White, Patrick 1912–
White, an English-born Australian novelist, playwright, and short story writer, won the Nobel Prize for Literature in 1973. His novels, vast in scope, are "multilayered and exquisite."
Throughout this long book [The Eye of the Storm], Mr White curbs what his detractors have considered to be his excesses and, possibly in the curbing, dilutes some of his prodigious gifts. Gone are the baroque satirical setpieces such as the magnificent party for the artist in The Vivisector; instead a small dinner party or two which deflate the idle burghers of Sydney, but the targets seem hardly worth it. We are no longer treated to those superb passages of elliptical, truncated and barbarous Strine; just the odd phrase from Mrs Cush, the cleaning woman; but why give her such a crude joke name? Why call the most stupid, self-satisfied nurse Sister Badgery? Mr White is too great a writer to trifle with such vulgarity in a book so finely wrought as this. Why, also, does he bring in some of his favourite themes, invite comparison with earlier versions, and produce definite regressions? After the wonderfully moving and piteous Greek heiress who so loved the vivisector, why introduce briefly, and inevitably palely, the Greek mother of Sister de Santis? The noble, loving and eternally baffled nurse is a superb creation compared with which her mother seems dross.
The German-Jewish housekeeper with her incompetent theatrical past is an interesting near-victim of the holocaust, but when she recalls her escape from the gas, she also recalls that other escaper from Nazi Germany, Professor Himmelfarb in Riders in the Chariot and the comparison seems sacrilegious. These are harsh criticisms but they are aimed at weaknesses in the work of a writer who has long overtaken the need to toy with characters and situations which are less than perfect, and they are faults in a book which, by its own ambition, should not contain them.
These faults, irritating as they are, do not, however, detract from the marvellous precision of the writing. They are perhaps best described as errors of taste in a work whose complex structure is architecturally perfect and whose style is much freer, more devastatingly precise than even its most august predecessors. In earlier books there was a tendency towards the densely clotted, inexorable slow march of Faulkner. In The Eye of the Storm Mr White has attained, without the orotundity, some of the deadly irony and the epigrammatic skill of Henry James. James himself could hardly have bettered the mutually embarrassed encounter of Princess Dorothy and Sister Manhood….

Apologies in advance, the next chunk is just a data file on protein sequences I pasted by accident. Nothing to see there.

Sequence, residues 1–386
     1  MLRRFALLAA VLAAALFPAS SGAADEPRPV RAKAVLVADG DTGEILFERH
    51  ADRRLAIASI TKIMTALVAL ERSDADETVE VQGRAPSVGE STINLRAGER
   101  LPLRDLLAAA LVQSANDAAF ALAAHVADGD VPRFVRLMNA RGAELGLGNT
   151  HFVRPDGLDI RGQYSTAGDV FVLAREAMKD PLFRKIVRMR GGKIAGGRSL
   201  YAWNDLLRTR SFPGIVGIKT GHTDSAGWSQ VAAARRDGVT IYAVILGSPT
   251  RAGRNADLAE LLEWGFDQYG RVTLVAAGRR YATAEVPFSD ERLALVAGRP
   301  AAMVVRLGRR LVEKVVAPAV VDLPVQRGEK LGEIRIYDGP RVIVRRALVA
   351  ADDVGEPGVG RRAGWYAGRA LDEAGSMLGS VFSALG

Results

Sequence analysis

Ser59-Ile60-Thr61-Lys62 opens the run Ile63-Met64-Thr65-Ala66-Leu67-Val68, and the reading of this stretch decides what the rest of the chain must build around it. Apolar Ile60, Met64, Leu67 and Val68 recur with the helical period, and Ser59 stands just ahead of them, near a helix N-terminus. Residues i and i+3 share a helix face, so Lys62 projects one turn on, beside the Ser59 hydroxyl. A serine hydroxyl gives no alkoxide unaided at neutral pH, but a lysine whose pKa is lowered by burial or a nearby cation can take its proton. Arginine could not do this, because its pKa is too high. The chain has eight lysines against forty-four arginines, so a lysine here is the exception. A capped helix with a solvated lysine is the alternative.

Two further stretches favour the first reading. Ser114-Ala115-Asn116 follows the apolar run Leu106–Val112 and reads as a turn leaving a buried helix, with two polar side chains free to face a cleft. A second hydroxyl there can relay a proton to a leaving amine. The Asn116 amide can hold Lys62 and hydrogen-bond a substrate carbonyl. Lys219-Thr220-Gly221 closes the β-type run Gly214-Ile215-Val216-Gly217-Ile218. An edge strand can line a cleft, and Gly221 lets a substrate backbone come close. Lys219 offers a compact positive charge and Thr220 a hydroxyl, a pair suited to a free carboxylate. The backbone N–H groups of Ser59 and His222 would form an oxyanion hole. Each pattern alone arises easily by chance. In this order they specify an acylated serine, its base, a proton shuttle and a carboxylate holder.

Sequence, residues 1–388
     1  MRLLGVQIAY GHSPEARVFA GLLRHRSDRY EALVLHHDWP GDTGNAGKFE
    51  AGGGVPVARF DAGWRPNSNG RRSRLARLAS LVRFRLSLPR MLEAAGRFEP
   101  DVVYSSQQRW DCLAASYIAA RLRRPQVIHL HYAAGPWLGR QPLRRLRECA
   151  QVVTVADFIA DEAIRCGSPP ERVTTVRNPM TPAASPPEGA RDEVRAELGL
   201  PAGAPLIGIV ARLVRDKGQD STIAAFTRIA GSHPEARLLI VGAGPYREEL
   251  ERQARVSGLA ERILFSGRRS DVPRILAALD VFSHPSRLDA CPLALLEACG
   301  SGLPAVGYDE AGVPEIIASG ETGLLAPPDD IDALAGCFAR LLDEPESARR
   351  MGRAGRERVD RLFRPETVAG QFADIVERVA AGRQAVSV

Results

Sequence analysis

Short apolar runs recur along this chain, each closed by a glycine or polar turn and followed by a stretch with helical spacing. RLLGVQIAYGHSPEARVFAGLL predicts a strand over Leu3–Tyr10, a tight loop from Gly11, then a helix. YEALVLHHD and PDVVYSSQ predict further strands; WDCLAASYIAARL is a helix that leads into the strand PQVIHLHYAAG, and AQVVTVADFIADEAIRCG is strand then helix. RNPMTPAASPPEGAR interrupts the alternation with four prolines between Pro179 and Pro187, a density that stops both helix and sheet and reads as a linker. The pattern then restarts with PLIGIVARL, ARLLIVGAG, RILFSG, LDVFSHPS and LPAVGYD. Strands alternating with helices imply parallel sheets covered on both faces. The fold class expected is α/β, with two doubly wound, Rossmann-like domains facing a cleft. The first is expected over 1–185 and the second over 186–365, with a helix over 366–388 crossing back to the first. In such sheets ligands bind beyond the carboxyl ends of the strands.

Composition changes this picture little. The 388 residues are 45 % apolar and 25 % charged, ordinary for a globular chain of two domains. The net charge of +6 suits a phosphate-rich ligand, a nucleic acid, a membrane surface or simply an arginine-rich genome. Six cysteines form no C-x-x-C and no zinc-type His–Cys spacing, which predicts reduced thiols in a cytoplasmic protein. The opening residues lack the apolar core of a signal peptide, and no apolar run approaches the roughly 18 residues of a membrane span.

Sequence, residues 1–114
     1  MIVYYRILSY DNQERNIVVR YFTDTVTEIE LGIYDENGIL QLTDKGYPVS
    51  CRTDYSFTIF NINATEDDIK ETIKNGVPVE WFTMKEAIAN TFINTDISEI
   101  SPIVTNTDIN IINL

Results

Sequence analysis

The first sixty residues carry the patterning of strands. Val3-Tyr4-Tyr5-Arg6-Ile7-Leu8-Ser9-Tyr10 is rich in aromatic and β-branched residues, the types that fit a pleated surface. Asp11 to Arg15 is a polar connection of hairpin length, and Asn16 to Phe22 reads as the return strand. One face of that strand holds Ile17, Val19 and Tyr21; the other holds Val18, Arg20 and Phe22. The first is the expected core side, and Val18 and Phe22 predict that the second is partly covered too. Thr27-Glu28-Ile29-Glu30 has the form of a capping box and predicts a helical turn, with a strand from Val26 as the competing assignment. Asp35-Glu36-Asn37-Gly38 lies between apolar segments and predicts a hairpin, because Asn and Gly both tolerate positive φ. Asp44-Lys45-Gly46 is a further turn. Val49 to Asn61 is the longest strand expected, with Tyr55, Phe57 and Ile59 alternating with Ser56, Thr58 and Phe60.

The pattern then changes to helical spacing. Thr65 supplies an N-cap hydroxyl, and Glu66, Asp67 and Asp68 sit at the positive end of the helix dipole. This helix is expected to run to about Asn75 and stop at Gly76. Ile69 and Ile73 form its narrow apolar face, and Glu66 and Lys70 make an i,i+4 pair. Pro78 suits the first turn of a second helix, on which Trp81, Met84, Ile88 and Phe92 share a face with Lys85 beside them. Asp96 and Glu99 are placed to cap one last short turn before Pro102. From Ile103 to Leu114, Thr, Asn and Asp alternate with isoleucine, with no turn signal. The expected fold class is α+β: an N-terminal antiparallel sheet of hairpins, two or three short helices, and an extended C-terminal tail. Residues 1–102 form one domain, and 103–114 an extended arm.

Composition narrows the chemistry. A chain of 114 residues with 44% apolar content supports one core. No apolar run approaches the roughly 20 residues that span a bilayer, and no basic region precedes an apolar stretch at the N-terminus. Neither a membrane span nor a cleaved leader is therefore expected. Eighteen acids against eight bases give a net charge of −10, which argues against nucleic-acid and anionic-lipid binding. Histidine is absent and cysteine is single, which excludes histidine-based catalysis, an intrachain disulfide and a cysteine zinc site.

As one surveys this book and its substantial number of characters, it is almost impossible … to find a single human being who engages the reader's sympathy, let alone, and much more importantly, the author's. Mr White's formidable satirical gifts have previously seemed apposite and just, linked from Voss onwards with huge compassion and the creation of men and women with true nineteenth-century fictional grandeur. In The Eye of the Storm no stone of human character is left unturned without the revelation of some evil or distasteful worm beneath….
If one takes as basic a theme as sibling rivalry, sibling love and sibling sex, and considers that cold climax between Dorothy and Basil Hunter at Kudjeri and compares it with the Dostoevskian intensity and compassion of the two brothers in The Solid Mandala, one sees the disastrous gap between this chillingly brilliant new book and the sheer moral grandeur of its great predecessors….
The weight of hatred, disgust and dislike is overpowering, and, one suspects, finally excessive and hence fatally detrimental to what should have been a great novel. In comparison with most of today's fiction, The Eye of the Storm is truly remarkable, with its relentless narrative thrust, the lucidity of its style, the all-seeing...
(The entire section contains 4079 words.)
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